I just sat down to draft a new article on my website, when I received an email from Ruth, a friend in New Mexico. It was a notification of Fred’s passing. The Wilson’s were very special people that have influenced our lives in many ways. When Fred and I first met I became aware of the interest we shared in trees, forests and the natural world. We spent five months, the first winter, living adjacent to each other in an RV park, sharing many hours discussing our common interests. Fred was an accomplished musician, composer, educator and an inspiration of how a person, from a very poor back-ground, can achieve outstanding success. Fred’s book, “An American Tragedy as Seen Through the Eyes of a Little Black Boy” tells his life story. Ruth is a nationally recognized consultant in environmental education, and has significantly influenced the field of education through her work. Whenever I occasionally question why it is so difficult to reach people and to get them to appreciate the importance of the natural world in sustaining life on Earth, I think of Fred and his achievements. It provides the encouragement to keep going. Somehow, we must reach the people and redirect our current destruction of the natural world to the caring for and nurturing of our planet and what remains of the natural world.
Ruth has significantly expanded my knowledge of the detailed dependence humans have for forests and trees. She has written several books, developed environmental education curriculum's for public schools and advised national children’s TV programs on environmental presentations. Fred was a strong supporter of Ruth’s work and the contribution she has made to our youth. It has been a real privilege to share a friendship with them.
The example the Wilson’s have set, has encouraged me to continue my efforts to present the facts about what is happening to nature. Empirical observations during my career as a forest scientist, continued study and people like the Wilson’s have provided the incentive to reach out to others with the truth about our current natural world. We have discovered almost ten million different species of life on Earth and science tells us that at least 80% of these species require trees to sustain life. Today, only 26% of the original forested lands remain. We are continuing to deforest our remaining tree covered lands at the rate of twenty football fields every minute worldwide. Yes, we continue to plant new trees where possible, but plantations are void of the diversity found in natural stands of trees. Science is learning more about trees daily, how mother trees identify and communicate with their offspring, how trees communicate with each other and different species, and how trees share and support each other during stressful times. This is all good, but we need to understand more about the relationship’s humanity shares with trees. We need to start introducing our elementary students to ecological principles and to require our scientists to develop a strong ecological foundation prior to specializing in individual scientific areas.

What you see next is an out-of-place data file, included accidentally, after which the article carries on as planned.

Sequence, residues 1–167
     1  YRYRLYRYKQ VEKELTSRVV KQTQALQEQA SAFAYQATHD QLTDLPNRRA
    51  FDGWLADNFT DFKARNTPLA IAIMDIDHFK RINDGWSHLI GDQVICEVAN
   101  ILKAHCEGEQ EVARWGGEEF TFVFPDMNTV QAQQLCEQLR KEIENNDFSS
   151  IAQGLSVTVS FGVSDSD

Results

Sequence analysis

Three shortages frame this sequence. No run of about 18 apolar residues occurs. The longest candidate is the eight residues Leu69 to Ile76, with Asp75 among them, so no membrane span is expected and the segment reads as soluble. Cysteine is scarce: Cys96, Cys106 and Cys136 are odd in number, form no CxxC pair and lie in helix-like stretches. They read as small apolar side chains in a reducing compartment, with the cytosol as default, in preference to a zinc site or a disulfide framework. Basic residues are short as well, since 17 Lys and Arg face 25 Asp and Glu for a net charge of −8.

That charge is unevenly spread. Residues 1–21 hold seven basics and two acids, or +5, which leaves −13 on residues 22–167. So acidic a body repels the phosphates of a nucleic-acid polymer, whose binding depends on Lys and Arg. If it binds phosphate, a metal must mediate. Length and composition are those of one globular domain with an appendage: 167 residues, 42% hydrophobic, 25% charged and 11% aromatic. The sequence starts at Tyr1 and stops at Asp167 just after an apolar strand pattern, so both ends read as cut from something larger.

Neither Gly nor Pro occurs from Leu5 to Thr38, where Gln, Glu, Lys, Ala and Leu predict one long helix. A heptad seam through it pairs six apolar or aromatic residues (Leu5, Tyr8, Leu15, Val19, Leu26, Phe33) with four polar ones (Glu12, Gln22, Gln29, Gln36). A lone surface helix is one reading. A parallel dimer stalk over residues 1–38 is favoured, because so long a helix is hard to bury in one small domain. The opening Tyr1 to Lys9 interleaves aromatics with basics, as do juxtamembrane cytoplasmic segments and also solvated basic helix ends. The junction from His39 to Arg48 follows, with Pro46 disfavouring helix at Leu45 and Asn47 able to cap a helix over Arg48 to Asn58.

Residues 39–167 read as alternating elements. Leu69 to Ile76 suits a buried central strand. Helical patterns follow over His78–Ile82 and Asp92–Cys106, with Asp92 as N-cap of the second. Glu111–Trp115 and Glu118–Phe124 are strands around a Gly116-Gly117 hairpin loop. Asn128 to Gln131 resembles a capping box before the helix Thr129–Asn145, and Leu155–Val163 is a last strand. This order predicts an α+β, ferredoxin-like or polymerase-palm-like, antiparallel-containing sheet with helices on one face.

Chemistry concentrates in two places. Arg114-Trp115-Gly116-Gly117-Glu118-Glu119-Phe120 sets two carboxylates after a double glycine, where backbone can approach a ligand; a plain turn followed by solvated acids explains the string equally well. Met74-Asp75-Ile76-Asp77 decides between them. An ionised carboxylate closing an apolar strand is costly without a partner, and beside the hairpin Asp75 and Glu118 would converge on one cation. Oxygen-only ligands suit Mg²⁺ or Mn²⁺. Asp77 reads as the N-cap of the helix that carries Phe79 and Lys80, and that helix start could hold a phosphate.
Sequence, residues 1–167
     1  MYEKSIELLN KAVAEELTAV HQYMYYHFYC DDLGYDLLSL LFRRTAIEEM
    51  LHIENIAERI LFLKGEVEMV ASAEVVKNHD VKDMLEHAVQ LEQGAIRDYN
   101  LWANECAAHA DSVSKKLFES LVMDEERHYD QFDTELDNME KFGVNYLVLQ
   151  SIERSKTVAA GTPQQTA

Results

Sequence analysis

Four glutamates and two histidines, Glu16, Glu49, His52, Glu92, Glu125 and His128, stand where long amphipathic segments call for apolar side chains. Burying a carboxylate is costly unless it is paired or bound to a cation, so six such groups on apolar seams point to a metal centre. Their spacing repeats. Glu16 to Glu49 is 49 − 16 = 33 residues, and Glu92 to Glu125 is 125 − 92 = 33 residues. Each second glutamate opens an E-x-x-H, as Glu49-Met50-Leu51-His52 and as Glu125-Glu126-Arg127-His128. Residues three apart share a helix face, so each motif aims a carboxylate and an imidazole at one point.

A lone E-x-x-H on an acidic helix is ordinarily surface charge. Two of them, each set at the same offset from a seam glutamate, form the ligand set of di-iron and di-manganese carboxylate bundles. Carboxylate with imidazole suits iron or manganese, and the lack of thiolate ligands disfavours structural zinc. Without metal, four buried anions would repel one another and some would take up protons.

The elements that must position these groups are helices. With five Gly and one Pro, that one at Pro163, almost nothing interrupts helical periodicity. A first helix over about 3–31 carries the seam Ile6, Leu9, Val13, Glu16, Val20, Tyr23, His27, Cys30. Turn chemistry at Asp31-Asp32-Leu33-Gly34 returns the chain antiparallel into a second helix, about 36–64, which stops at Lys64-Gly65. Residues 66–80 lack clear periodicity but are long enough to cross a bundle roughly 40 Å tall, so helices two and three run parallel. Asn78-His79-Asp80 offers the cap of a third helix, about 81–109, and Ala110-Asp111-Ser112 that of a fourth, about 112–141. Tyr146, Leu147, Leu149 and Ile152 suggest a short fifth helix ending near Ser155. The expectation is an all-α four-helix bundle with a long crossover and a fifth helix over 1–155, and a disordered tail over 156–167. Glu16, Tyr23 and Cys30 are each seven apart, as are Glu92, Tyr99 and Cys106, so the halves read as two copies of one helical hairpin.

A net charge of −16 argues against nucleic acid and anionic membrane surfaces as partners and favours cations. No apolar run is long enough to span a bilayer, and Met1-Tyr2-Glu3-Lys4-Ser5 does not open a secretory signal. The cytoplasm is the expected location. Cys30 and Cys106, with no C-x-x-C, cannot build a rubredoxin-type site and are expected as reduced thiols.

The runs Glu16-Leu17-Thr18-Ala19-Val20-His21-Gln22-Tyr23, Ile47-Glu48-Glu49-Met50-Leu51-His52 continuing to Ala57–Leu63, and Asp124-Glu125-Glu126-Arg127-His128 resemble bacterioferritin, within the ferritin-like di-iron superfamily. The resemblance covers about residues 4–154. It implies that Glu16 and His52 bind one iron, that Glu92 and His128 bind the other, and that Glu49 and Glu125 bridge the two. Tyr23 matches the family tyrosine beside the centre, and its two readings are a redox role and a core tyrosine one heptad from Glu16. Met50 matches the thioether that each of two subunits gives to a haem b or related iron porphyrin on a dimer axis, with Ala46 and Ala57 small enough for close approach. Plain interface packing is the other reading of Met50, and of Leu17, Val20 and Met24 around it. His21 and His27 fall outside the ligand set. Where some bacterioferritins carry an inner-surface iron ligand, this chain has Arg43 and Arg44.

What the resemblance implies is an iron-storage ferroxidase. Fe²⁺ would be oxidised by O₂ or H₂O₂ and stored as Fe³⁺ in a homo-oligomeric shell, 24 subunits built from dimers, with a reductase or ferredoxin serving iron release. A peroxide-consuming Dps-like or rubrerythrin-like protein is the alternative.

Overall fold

It is my hope that 2023 will awaken the world to the necessity of changing our demanding way of life and manage the remaining natural world for future generations. People like the Wilson’s have been setting the example for some time, it is time for us to become actively involved!